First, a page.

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Gina was 29 years old and she was angry as anything. She had a right to be. She had been abused sexually by her uncle from age 8 until 14. She felt ashamed, dirty, demeaned, and never shared this with anyone. Gina had boyfriends over the years but these relationships were superficial and inevitably led to abuse. It became her strange comfort zone - Gina felt she didn’t deserve better. As time went on, she started hating herself more and more. This led to all sorts of self harm, which then led to psychiatric hospitalizations. When I introduced myself (and I always had a female staff member with me when I saw her), Gina was understandably guarded and made no eye contact. She said she just wanted medications, lots of medications, anything to numb the pain. She said this would help her to stop harming herself. So I medicated her - not that I believed it was what she needed ultimately. But it was a first step, an attempt, for Gina to feel she was being cared for. What soon became clear to me was that Gina’s previous therapists were a disaster. They failed to help her see the distinction between victimization and victimhood. Victimization comes from the outside, as in Gina’s uncle. But victimhood comes from the inside, Gina’s self perception. Sadly, someone who views themself as a perpetual victim is essentially handing their life over to others. True healing can only happen if one refuses the self-definition of victim.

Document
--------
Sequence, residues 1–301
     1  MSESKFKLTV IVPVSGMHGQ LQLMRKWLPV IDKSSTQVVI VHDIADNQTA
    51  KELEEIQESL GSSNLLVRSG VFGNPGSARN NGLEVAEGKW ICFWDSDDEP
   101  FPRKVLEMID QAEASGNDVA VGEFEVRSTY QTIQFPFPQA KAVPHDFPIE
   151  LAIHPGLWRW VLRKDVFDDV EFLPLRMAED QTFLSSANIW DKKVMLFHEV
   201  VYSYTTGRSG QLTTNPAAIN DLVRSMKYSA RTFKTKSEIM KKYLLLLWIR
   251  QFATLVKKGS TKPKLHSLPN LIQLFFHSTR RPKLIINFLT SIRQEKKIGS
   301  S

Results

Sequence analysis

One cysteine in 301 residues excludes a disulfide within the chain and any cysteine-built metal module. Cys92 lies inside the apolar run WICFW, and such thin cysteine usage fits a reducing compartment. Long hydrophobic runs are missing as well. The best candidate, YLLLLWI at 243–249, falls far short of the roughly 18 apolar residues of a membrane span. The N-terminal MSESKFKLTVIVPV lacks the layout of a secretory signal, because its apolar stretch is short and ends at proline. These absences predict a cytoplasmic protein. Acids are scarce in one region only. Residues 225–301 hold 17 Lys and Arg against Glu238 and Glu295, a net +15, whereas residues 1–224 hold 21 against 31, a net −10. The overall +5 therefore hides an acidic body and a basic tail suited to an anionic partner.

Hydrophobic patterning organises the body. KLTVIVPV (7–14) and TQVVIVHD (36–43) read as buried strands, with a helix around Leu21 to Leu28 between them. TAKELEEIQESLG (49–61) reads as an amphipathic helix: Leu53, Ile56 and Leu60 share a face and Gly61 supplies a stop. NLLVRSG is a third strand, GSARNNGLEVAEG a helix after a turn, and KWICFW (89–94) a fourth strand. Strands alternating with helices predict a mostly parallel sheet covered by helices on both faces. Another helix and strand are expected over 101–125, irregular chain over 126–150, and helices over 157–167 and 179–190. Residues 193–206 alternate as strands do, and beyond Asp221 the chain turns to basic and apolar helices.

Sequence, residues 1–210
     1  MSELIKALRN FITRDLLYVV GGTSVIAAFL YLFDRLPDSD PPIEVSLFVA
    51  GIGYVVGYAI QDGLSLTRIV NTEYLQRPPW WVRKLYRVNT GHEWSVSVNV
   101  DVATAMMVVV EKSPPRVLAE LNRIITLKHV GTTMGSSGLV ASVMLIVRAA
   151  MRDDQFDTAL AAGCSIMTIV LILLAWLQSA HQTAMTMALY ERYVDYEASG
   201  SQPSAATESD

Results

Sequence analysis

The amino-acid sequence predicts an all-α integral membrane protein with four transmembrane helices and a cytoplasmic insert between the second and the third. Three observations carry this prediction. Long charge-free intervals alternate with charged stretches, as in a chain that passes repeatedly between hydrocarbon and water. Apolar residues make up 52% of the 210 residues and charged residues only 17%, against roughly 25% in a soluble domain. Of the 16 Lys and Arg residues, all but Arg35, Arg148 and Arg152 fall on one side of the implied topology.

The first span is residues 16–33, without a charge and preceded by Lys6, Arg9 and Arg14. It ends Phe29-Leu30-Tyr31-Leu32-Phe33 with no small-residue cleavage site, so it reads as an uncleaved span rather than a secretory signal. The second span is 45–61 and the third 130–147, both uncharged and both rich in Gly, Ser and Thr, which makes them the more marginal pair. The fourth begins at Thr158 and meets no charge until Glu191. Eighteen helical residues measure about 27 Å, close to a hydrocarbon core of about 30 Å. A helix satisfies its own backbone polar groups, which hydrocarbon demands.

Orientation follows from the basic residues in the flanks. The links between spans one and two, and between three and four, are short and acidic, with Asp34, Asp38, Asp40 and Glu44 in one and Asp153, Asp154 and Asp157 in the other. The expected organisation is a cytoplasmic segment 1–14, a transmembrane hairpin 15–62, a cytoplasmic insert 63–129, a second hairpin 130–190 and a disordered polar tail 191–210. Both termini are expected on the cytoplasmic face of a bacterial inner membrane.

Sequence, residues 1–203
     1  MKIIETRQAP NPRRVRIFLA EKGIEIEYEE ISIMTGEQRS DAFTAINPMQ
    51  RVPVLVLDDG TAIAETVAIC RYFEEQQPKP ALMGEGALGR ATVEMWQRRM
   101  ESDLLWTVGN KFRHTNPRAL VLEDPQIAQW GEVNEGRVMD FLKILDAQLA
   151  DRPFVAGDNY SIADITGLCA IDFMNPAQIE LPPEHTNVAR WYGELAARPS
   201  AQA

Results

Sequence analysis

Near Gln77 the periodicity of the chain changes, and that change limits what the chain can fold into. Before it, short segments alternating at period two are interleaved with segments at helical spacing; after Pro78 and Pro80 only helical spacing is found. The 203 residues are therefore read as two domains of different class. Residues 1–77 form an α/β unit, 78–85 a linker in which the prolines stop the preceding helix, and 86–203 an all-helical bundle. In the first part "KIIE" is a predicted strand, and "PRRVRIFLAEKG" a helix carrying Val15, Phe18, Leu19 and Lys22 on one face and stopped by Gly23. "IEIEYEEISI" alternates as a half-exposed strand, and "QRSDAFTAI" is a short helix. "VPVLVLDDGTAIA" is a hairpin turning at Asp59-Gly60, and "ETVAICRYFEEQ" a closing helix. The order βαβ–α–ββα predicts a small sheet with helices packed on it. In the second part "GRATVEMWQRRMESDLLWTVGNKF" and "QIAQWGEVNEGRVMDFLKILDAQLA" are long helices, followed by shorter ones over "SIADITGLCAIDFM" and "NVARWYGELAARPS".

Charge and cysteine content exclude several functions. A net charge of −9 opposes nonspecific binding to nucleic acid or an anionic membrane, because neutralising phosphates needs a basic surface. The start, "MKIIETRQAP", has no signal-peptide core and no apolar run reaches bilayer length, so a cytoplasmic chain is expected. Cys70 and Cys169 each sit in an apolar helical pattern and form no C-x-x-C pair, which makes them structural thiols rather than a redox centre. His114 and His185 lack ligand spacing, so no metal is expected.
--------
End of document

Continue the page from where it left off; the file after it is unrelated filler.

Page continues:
I cannot claim that I am an expert on trauma. There are great therapists who have more direct experience with this than I do. But I do know that the victimhood mentality is not healthy and often perpetuates itself. In my judgment, therapy with someone who has undergone horrific sexual or physical abuse should not be based on defining oneself by one’s trauma. Sadly, this is what happens all too often. Gina and I talked about how she can begin to build a positive self-image. This starts with connecting with her true self, her soul, which is innately good. And then to know that this goodness can never stolen from her - and never was. With this in mind, she can then let go of her anger and love herself again. As Gina left the hospital after a one week stay, I certainly encouraged her to share these themes in her outpatient therapy work. We knew her journey would not be easy; terrible trauma never is. Years later, I heard that Gina was happily married and a mother to three beautiful children. With that, I assumed that she had done the hard hard work that it takes to say goodbye to the demons of her past. I’d like to think - and I pray - that anyone who has undergone horrific abuse can find a way to connect with their true selves - and then move on, wonderfully and powerfully, with their life.

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